Next it was time to head south to the Exumas, with our first stop Highbourne Cay, a trip of just over 50 miles. Again we had ideal conditions, arriving just in time for happy hour and our patented Shear Madness cocktails. The next day it was time for some more snorkeling with Bradley nabbing his first spear catch of the season – a nice snapper which, with Amparo’s cooking skill, made a nice dinner indeed! We then did a short move of just a few hours down to Compass Cay where we anchored at Fowl Cay. This put us close to the underwater caves at Rocky Dundas which are well worth the visit. We also visited an underwater airplane, most likely from the old drug running days, but now an interesting snorkel site. The currents in that area are quite strong, so we had to run a line from the tender to hold onto as we looked over the plane. Then Ben and I did a drift snorkel, moving along at quite a rapid pace over some interesting reefs while Bradley followed along in the tender, eventually picking us up.
The last stop with our guests was at Big Majors, the anchorage just around the corner from Staniel Cay. Here we visited the famous swimming pigs, enjoyed some meals at the Staniel Cay Yacht Club, visited the numerous and friendly sand sharks at the Yacht Club, and snorkeled at the famous Thunderball Grotto. We also once again met up with Oliver, who anchored nearby for a couple days and joined us for some tubing and a wonderful dinner aboard Shear Madness. Ben and Amparo made good use of our tandem kayak with several long expeditions to explore. We continued to have Shear Madness cocktails, lounge in the flybridge, and enjoy some spectacular sunsets. Ben and Amparo also got to experience some of the “realities” of cruising when our primary freezer and the toilet in their cabin decided to quit working. The freezer problem was troubling as we had filled our four freezers to capacity prior to departing and it was our two sub-zero freezer drawers (and ice maker!) which were not working. Bradley removed the drawers and found ice on the compressor. Using a blow dryer he melted it and the freezer worked – for a little while. Then it stopped again. Once again it was taken apart but this time we let it sit for half a day, moving its contents to the other freezers and the less important stuff to the fridge. Fortunately this time the freezer came back and has worked fine since. We may just have had it too full. As for the toilet, we fortunately have 5 toilets on board, so decided just to take that one out of commission until we get back to the US as it will likely need some parts.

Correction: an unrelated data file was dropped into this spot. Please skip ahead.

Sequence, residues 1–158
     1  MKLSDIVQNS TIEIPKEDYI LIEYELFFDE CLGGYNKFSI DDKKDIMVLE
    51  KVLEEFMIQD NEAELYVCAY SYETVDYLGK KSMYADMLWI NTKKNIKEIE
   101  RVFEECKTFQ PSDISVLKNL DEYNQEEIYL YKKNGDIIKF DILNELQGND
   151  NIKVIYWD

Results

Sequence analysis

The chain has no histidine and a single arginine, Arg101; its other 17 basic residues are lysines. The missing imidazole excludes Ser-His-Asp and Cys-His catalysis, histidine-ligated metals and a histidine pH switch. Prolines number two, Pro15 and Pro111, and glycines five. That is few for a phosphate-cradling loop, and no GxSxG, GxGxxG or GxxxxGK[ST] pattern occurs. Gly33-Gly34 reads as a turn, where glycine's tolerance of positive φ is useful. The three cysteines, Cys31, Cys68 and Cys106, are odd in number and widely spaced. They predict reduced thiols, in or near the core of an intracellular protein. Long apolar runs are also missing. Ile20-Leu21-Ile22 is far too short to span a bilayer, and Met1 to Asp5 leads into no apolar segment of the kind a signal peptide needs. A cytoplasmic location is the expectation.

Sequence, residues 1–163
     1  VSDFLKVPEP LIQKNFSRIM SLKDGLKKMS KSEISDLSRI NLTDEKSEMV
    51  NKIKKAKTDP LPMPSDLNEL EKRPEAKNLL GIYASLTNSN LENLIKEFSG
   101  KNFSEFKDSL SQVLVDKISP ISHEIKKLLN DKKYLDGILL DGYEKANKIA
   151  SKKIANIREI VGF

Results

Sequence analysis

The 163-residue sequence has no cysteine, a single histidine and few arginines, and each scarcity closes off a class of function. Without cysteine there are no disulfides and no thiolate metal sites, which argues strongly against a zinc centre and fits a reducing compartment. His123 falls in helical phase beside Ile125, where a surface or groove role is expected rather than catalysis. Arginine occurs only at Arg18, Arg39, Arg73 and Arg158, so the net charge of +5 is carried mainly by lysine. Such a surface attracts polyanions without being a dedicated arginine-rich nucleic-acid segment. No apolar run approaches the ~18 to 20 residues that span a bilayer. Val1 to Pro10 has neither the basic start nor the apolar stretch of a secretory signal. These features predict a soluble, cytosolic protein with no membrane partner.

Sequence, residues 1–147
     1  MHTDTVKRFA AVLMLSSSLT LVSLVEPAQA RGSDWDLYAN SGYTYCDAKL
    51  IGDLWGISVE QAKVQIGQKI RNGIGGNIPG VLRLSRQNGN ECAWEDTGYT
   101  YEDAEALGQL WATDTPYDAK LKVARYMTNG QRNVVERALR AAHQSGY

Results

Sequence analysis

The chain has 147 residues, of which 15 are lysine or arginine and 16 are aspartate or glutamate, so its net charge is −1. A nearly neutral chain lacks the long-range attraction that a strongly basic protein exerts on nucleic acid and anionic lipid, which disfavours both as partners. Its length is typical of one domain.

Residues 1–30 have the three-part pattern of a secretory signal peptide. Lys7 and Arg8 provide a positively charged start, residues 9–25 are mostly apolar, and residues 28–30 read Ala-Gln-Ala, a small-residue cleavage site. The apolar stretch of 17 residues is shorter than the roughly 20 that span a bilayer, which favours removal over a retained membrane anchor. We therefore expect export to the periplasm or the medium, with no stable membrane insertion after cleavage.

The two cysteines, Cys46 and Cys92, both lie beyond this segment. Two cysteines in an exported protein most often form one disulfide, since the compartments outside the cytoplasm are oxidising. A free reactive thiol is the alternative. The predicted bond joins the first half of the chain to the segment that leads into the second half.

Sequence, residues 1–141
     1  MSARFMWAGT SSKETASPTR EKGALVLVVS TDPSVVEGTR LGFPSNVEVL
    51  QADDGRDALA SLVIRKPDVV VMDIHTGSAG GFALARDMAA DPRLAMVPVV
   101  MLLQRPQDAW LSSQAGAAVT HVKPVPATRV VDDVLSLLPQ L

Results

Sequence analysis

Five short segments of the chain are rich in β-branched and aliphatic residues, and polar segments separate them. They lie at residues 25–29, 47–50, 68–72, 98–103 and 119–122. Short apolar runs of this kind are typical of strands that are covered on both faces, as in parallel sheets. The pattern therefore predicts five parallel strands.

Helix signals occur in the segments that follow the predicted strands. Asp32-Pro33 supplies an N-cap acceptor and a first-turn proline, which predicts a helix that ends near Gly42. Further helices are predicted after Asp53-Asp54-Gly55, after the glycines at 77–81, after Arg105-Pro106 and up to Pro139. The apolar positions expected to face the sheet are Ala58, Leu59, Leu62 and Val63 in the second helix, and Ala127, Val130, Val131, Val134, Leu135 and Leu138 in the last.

All too soon it was time for Ben and Amparo to depart. It turns out the airstrip at Staniel Cay is closed for repairs, so we had to drop them at nearby Black Point about 8 miles south. We decided to move over there with the big boat rather than take them in the tender. That gave us a chance to enjoy lunch at Lorraine’s Café, which turned out to be very fresh and tasty! After lunch, Lorraine even gave us a ride to the airport where we bid a fond farewell to Ben and Amparo. We hope to see them again!
Here’s the route we covered with Ben and Amparo, totaling about 225 miles: